|Subject: TAPOL Statement on East Timor
From: firstname.lastname@example.org (TAPOL)
2 February, 1999
STATEMENT ON THE LATEST DEVELOPMENTS REGARDING EAST TIMOR
The decision by the Indonesian Government announced in Jakarta on 27 January to let go of East Timor when the newly-elected Supreme Legislative Assembly meets later this year if the East Timorese reject its proposal of autonomy is a great victory for the people of East Timor and their 23-long year struggle against the Indonesian occupation. For the first time ever, Jakarta has publicly acknowledged that independence is an option for East Timor and admitted that it no longer regards its integration of the former Portuguese colony as immutable.
It reflects the fact that Indonesia under Habibie's transitional government regards East Timor as an insuperable burden which can only continue to haunt the country on the world stage and further exacerbate Indonesia's grave economic crisis. This is a great victory for the persistent and courageous struggle of the people of East Timor, for the mature leadership of the resistance movement under Xanana Gusmao, and for the tireless efforts of its diplomatic front led by Jose Ramos-Horta.
At the same time, Jakarta has arranged for Xanana Gusmao to be transferred from Cipinang Prison to a residence 200 metres from the prison, placing him under house arrest, making it easier for him to receive visitors and delegations. By so doing, the government has acknowledged that Xanana must be allowed to play a full and active part in seeking a just, comprehensive and internationally acceptable solution to the question of East Timor by peaceful means.
These developments also signify that the Indonesian government now recognises that East Timor should best be handled by the United Nations and Portugal.
However, the Habibie Government has failed to explain how it proposes to establish whether the people of East Timor accept or reject its autonomy proposal and has only complicated matters for itself by continuing to insist that it will not contemplate the holding of a referendum.
The announcement, coming at a time when tripartite discussions are underway between Indonesia and Portugal under the auspices of the UN Secretary-General, has compelled the UN to seek urgent clarifications from Jakarta about its intentions. The forthcoming Foreign Ministers meeting scheduled for April this year has now been brought forward and is likely to be held early in February, reflecting the urgency which the UN now attaches to the question of East Timor and its wish to take the matter forward quickly. Now that Jakarta has publicly said that it will abide by the views of the people of East Timor, the question of setting in place the mechanism for this to occur becomes even more pressing.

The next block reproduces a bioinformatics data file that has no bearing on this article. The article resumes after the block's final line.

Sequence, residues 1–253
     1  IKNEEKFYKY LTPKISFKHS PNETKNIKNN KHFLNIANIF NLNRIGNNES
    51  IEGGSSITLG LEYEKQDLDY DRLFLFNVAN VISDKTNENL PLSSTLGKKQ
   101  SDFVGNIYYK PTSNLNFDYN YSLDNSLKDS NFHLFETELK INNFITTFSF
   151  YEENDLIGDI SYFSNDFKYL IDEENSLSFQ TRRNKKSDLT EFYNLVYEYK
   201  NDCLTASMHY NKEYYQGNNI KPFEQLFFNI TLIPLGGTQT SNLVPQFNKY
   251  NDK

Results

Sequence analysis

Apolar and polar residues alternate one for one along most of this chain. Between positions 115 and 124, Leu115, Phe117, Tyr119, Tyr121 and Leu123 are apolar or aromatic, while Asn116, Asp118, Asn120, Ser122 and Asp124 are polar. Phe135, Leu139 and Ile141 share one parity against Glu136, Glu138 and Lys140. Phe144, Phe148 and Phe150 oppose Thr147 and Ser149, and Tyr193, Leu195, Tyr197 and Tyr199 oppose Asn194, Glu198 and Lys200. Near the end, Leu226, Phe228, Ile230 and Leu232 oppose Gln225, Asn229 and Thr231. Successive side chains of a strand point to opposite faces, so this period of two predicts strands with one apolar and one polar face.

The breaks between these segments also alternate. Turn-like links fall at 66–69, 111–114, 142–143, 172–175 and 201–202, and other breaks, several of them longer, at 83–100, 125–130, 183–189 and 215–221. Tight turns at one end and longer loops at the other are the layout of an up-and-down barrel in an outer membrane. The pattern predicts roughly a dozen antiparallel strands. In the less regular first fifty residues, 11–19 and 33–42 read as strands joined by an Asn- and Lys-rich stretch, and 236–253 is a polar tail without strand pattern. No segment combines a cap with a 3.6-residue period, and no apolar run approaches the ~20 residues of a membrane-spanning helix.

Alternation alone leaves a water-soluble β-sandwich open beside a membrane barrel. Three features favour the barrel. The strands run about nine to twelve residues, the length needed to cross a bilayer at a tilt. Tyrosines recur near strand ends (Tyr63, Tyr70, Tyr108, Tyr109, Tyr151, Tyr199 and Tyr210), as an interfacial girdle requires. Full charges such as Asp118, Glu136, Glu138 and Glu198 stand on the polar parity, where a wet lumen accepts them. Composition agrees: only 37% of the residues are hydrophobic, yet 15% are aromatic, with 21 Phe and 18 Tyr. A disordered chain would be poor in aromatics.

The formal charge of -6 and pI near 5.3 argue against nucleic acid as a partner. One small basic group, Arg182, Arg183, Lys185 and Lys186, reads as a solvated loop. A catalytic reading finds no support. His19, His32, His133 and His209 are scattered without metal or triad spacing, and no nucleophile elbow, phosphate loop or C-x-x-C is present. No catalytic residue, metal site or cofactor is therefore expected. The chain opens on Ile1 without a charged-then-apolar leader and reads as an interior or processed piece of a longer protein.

Wittingly or not, the Indonesian government has forced the issue of East Timor onto the world's agenda as never before and has made it a major topic of discussion in Indonesian itself. Already several opposition leaders, notably Abdurrachman Wahid who chairs the mass based Nahdatul Ulama and Amien Rais of the PAN party have expressed support for a referendum in East Timor.
Meanwhile, the situation in East Timor is very serious. Para-militaries formed by the Indonesian army of occupation, many of whom have recently been equipped with firearms, are spreading havoc in the territory. Up to twenty people are thought to have been killed by these gangs since the beginning of the year and thousands of villagers have fled their homes as a reign of terror grips parts of the country. It is clear that certain elements are bent on causing a rift within the community between those in favour of a referendum and those who want East Timor to remain part of Indonesia. If these gangs are allowed to continue with their operations, it could seriously jeopardise developments at this critical moment and promote the idea that the people of East Timor are not ready for independence, and even that a move in that direction could plunge the country into civil war.
It is essential for the international community to take immediate action to call for the disbandment of these para-militaries, not only to protect the lives and safety of the long-suffering East Timorese but also to safeguard the situation at a critical time in the struggle of the people of East Timor for self-determination and independence.
The following steps now need to be taken:
1. The British Government and all member-states of the European Union should urge the Indonesian Government to enter into direct negotiations with the leader of the East Timorese resistance, Xanana Gusmao, and Bishop Belo, as the only way to securing a peaceful transition to independence for East Timor. 2. The British Government and all member-states of the EU should call for the disarming and disbandment of the para-militaries and for a substantial and immediate reduction in the number of troops in occupied East Timor. 3. The British Government and all member-states of the EU should call on the UN as a matter of urgency to dispatch a monitoring force to East Timor to oversee the disbandment of the para-militaries, the reduction of troops and to protect the population against human rights abuses.
TAPOL, the Indonesia Human Rights Campaign 111 Northwood Road, Thornton Heath, Surrey CR7 8HW, UK Phone: 0181 771-2904 Fax: 0181 653-0322 email: email@example.com Campaigning to expose human rights violations in Indonesia, East Timor, West Papua and Aceh